Anyone Can Print


I come from the digital sector and now work in advanced engineering. We are on the cusp of a new frontier and what we’ve seen in the past 35 years in digital is starting to happen with engineering.

Back in the early noughties, the internet was accessible. In the 80’s the internet were rooms dedicated to simple tasks held in elite universities and government organisations. Only a few makers who had started on ham radio kits a decade or so before, in the unique community of the universities housing this wonderful technology, were able to start experimenting. Then along came the world wide web in the late 80’s this created an interface. Personal computing with the Macintosh saw this reach those outside of these closed communities. Dial-up, simply plugged into your phone line put anyone with a computer onto the internet. Then broadband, 3G, 4G and now 5G connectivity capability takes this access wirelessly. Microchip processing power increased and costs went down in the classic Moore’s Law model, you can carry a connected world around in something the size of a chocolate bar – not bad for 35 years.

The engineering space has got all the ingredients for a meteoric rise as we’ve seen with digital. The key to this is accessibility. Take a few examples:

  • Open source design software
  • 3D Printing on demand
  • Communities of engineers for hire
  • Accessible design and testing software start-ups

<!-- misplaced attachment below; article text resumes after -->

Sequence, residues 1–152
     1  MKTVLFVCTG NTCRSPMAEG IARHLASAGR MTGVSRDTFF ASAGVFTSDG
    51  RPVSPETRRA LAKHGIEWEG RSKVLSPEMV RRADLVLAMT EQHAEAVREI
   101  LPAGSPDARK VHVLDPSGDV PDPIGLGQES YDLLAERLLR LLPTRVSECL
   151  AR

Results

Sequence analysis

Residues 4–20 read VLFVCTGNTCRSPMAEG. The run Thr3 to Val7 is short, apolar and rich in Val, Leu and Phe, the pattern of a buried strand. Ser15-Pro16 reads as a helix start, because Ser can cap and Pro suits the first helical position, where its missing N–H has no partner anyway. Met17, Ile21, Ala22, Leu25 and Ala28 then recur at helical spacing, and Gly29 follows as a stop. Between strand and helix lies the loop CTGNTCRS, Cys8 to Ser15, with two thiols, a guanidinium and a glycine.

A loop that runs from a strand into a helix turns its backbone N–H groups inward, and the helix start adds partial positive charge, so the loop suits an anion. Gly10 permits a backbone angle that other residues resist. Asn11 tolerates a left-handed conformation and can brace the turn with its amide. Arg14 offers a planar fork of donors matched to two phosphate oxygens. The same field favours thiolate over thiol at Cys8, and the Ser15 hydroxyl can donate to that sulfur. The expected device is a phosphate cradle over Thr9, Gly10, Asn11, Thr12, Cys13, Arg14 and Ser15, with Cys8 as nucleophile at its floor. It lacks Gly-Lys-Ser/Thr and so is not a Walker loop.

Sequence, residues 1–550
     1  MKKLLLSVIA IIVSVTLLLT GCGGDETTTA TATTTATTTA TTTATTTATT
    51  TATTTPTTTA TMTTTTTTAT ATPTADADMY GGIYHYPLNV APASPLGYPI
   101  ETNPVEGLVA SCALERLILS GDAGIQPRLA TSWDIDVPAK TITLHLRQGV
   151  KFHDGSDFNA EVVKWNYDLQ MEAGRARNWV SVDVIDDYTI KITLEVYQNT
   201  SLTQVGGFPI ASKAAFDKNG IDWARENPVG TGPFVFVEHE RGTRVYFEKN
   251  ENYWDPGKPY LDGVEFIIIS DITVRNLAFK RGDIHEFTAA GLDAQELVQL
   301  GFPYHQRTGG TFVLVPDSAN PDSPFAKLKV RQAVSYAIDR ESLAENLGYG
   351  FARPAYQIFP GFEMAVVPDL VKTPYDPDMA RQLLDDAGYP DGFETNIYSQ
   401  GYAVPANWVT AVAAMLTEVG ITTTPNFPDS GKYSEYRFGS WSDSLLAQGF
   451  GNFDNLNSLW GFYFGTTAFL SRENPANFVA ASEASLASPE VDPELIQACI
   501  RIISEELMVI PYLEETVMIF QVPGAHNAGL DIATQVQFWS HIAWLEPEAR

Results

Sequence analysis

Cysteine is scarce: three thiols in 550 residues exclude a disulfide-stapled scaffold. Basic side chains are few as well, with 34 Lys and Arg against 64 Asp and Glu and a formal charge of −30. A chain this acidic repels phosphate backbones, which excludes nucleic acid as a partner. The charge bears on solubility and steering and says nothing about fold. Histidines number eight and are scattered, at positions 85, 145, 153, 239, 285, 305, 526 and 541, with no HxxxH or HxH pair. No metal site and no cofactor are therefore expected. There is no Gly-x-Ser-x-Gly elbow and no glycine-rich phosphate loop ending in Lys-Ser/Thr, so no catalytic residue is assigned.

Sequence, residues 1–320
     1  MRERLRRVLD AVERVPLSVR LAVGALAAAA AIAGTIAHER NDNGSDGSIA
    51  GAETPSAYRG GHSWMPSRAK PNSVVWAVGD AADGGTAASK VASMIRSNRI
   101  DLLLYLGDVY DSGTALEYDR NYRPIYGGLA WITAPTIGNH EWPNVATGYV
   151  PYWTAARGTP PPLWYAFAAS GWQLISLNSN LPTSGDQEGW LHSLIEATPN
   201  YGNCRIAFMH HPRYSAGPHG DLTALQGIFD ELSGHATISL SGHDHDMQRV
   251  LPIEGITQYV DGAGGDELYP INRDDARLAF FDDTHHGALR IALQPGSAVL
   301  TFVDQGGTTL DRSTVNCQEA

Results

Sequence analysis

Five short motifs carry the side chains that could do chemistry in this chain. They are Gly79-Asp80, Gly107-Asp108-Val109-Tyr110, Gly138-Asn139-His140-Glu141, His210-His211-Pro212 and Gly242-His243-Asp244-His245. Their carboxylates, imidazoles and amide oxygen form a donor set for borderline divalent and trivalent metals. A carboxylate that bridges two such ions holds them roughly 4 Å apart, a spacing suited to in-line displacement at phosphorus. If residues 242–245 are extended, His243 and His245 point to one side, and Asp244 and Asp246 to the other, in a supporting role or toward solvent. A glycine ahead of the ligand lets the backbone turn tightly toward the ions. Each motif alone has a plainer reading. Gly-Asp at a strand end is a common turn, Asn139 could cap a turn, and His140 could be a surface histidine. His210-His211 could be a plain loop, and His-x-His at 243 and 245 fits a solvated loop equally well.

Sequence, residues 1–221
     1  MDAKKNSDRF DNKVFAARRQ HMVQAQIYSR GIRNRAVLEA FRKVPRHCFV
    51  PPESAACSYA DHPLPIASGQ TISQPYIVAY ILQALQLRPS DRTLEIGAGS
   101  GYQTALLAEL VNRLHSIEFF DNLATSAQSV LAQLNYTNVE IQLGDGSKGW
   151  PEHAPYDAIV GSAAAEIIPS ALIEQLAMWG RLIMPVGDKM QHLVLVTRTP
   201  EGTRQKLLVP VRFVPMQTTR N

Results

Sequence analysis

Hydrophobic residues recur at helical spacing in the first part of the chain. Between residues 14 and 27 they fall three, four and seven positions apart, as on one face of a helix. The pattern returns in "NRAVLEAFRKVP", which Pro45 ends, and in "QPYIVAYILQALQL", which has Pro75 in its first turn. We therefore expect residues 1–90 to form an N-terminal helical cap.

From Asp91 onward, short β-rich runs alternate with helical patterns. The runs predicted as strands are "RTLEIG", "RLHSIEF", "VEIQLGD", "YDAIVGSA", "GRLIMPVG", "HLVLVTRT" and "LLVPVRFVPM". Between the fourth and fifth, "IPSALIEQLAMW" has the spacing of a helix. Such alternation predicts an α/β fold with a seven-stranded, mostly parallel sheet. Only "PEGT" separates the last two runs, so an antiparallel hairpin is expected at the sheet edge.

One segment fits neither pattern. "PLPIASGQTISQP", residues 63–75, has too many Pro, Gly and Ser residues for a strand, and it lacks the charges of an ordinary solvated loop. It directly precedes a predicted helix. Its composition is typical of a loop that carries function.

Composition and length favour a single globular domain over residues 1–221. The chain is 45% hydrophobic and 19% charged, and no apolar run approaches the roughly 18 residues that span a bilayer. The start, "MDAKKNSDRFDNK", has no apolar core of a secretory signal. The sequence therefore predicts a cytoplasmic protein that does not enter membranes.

• Incubators and Accelerators with manufacturing capability
  • Learning and research online
  • Connections with global suppliers
  • And no shortage of ideas, you can even print your own house (https://wikihouse.cc/) 

The financial service industry (and others) are getting disrupted by new start-ups providing products and services not only to the end-customer but also to their competitors. Engineering, though noting the added complexity and risk of rocket design vs webpage design, is becoming accessible. With this comes disruption, creation, innovation and (dare I say it) the democratisation of engineering.

There is a note of caution here, we are all aware of the rise of the amateur and there are leagues between sketching a concept and launching a rocket so don’t expect home-made launchers to be popping up across the globe. As we saw with digital, the rise of the amateur does create a lot of noise, but with 99 noises there will typically be 1 product that we didn’t know we even needed in our lives.

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